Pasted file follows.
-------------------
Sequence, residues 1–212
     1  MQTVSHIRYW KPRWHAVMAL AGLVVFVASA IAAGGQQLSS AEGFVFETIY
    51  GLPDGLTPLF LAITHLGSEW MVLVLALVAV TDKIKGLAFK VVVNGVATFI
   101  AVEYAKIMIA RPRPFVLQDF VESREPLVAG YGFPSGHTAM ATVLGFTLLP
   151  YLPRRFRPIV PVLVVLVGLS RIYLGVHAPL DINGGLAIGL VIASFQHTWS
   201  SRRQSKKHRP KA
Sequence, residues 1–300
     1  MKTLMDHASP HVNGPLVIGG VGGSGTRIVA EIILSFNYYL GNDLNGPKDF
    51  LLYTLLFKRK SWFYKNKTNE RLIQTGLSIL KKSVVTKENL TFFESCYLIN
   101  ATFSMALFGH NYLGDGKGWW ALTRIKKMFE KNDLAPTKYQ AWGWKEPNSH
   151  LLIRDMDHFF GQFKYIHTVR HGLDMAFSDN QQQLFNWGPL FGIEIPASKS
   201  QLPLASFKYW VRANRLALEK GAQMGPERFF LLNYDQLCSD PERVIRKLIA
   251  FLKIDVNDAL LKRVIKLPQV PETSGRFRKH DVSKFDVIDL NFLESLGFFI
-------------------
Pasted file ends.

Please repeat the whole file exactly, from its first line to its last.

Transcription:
Sequence, residues 1–212
     1  MQTVSHIRYW KPRWHAVMAL AGLVVFVASA IAAGGQQLSS AEGFVFETIY
    51  GLPDGLTPLF LAITHLGSEW MVLVLALVAV TDKIKGLAFK VVVNGVATFI
   101  AVEYAKIMIA RPRPFVLQDF VESREPLVAG YGFPSGHTAM ATVLGFTLLP
   151  YLPRRFRPIV PVLVVLVGLS RIYLGVHAPL DINGGLAIGL VIASFQHTWS
   201  SRRQSKKHRP KA
Sequence, residues 1–300
     1  MKTLMDHASP HVNGPLVIGG VGGSGTRIVA EIILSFNYYL GNDLNGPKDF
    51  LLYTLLFKRK SWFYKNKTNE RLIQTGLSIL KKSVVTKENL TFFESCYLIN
   101  ATFSMALFGH NYLGDGKGWW ALTRIKKMFE KNDLAPTKYQ AWGWKEPNSH
   151  LLIRDMDHFF GQFKYIHTVR HGLDMAFSDN QQQLFNWGPL FGIEIPASKS
   201  QLPLASFKYW VRANRLALEK GAQMGPERFF LLNYDQLCSD PERVIRKLIA
   251  FLKIDVNDAL LKRVIKLPQV PETSGRFRKH DVSKFDVIDL NFLESLGFFI